Downloading Weather Data Using an API

While it’s nice to make programs with objects, loops, user input, etc. the fact of the matter is that most useful apps these days need to do something over a network, whether it’s downloading a file, uploading a file, or making API calls to send and receive data. We are increasingly connected, and this trend is only going to continue. For this section, I made a program that downloads weather data from an API, or Application Programming Interface. In this case, I used the OpenWeatherMap API. If you want to follow along and do this yourself, you will first need to make an account so you can get something called an API key, which is a way to use an API.

OpenWeatherMap’s servers have weather data, which can be accessed by the API. Unlike a library, the remote API code never runs in your program. You are querying a remote server. You can send API calls, and you get responses. But how it works behind the scenes is unknown to you, and it requires an internet connection in order to work properly. Companies like making APIs because it allows users/customers to interact with them without getting to see their private intellectual property, like the code they make that enables them to provide you with data. Some people dislike how more things require internet connections, but the fact of the matter is that software isn’t just offline and only running on a single computer anymore. Whether it’s a computer program or a mobile app, most software has some sort of network connectivity these days.

It can get a little confusing because Oracle calls their default Java library an API. Any time you import stuff into your program that isn’t an externally-downloaded dependency, it’s using the Java API. But that is a local API, which is more like a library (a collection of prewritten code that you can incorporate into your program after you download and import it). In this particular case, when I mention the weather API, it’s a remote API that gives you JSON data.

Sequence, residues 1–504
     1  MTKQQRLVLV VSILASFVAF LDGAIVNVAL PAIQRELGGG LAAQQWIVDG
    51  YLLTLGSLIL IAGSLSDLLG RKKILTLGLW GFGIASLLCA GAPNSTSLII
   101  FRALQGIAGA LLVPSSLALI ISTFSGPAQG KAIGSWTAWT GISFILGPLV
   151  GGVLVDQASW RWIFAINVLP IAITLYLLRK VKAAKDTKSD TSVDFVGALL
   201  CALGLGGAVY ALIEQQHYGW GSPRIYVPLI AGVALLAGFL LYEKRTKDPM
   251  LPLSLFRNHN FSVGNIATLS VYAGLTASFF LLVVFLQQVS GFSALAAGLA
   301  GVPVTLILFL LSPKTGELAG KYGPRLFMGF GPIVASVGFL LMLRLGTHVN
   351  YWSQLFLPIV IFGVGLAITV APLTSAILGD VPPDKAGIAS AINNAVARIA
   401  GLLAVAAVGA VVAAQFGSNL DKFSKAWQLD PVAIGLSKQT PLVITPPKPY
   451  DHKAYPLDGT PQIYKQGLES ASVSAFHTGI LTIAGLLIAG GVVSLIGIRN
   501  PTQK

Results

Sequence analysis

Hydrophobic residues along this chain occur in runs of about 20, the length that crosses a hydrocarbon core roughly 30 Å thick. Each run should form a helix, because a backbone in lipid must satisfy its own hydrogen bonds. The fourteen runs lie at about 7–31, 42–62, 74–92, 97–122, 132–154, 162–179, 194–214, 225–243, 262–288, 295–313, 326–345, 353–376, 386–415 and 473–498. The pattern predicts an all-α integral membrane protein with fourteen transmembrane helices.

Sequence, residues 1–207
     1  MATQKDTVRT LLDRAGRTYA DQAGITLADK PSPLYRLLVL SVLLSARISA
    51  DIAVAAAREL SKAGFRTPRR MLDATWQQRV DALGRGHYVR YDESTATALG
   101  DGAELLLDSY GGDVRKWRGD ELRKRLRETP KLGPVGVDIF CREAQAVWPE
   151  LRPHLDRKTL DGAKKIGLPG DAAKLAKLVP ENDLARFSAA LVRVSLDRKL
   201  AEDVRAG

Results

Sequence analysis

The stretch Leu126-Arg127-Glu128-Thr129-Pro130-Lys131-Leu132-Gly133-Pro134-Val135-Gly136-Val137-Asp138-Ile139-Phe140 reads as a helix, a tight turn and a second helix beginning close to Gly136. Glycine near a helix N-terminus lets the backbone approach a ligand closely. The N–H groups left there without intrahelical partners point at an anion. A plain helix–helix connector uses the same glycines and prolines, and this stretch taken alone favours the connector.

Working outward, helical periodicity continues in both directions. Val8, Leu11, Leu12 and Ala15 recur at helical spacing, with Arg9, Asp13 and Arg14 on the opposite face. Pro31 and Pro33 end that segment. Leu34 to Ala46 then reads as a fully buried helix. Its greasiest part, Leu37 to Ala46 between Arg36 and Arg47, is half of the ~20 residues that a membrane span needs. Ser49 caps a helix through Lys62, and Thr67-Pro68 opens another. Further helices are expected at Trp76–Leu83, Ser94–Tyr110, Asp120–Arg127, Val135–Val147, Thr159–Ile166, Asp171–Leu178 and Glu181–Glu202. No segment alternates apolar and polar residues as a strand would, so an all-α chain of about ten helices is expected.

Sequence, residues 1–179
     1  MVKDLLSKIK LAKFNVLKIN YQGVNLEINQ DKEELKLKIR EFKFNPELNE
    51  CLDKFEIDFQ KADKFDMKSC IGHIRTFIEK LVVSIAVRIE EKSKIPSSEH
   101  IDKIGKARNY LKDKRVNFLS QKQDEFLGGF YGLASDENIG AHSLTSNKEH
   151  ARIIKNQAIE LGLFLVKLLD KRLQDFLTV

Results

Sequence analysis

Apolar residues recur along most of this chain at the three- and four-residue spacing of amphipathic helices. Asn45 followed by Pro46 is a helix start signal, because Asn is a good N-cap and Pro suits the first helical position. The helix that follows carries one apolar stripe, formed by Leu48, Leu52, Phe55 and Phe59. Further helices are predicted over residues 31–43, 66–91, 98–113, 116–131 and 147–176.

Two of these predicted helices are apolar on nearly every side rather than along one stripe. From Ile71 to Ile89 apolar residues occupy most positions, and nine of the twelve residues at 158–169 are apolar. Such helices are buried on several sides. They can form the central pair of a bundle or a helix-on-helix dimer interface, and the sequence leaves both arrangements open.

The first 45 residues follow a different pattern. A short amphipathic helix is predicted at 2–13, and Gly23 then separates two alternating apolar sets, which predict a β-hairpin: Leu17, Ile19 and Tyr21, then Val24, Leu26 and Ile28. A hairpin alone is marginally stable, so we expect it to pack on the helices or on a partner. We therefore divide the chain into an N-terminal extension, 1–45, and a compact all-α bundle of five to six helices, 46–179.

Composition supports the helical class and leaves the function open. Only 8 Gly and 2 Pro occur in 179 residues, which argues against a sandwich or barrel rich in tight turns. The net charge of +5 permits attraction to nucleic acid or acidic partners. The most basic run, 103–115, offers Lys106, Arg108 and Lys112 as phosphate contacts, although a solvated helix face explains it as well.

To sign up for OpenWeatherMap so you can access their weather API data, go here and make an account:

You will then get an email which contains your API key, among other things. Keep this private. Please note that it can take a couple hours for it to become active.

They have many different API features, but the one I’ll focus on here is the “Current weather data” API.

You can query it like so:

However, if you visit that in a browser, you will get a 401 error because of the lack of an API key. 401 means unauthorized.

So you will have to send your API key as well, like so (using an example API key provided by OpenWeatherMap themselves):,uk&appid=b6907d289e10d714a6e88b30761fae22

The response is JSON data for the current weather in London.

Here’s what it looks like:

{“coord”:{“lon”:-0.13,”lat”:51.51},”weather”:[{“id”:300,”main”:”Drizzle”,”description”:”light intensity drizzle”,”icon”:”09d”}],”base”:”stations”,”main”:{“temp”:280.32,”pressure”:1012,”humidity”:81,”temp_min”:279.15,”temp_max”:281.15},”visibility”:10000,”wind”:{“speed”:4.1,”deg”:80},”clouds”:{“all”:90},”dt”:1485789600,”sys”:{“type”:1,”id”:5091,”message”:0.0103,”country”:”GB”,”sunrise”:1485762037,”sunset”:1485794875},”id”:2643743,”name”:”London”,”cod”:200}

Line breaks have been removed in order to make it use less data, but I can make it look a little more readable, like so:








“light intensity drizzle”,
































The data from OpenWeatherMap uses a license called Attribution-ShareAlike 4.0 International (CC BY-SA 4.0):

But as you can see in the above JSON, querying the API with a valid API key gives you JSON-formatted data. You can then do something like parse it as JSON or even save it to a .json file. There are also optional parameters you can add, such as &units=imperial or &units=metric. I think the default is Kelvin, which is useful for scientific purposes, but not for casually checking the current weather.

In this case, I am using JetBrains IntelliJ. Make a new project and then make a basic Main class with a main method. Configure the build to use the Main class. Test it with a hello world or something.

There is an external dependency required for this project (for parsing JSON), so you need to download it from here:

From there, within IntelliJ, go to File -> Project Structure, then click Libraries. Then click +, then Java. Then, navigate to where you saved the JSON .jar file. Then click OK. Then hit apply and then hit OK.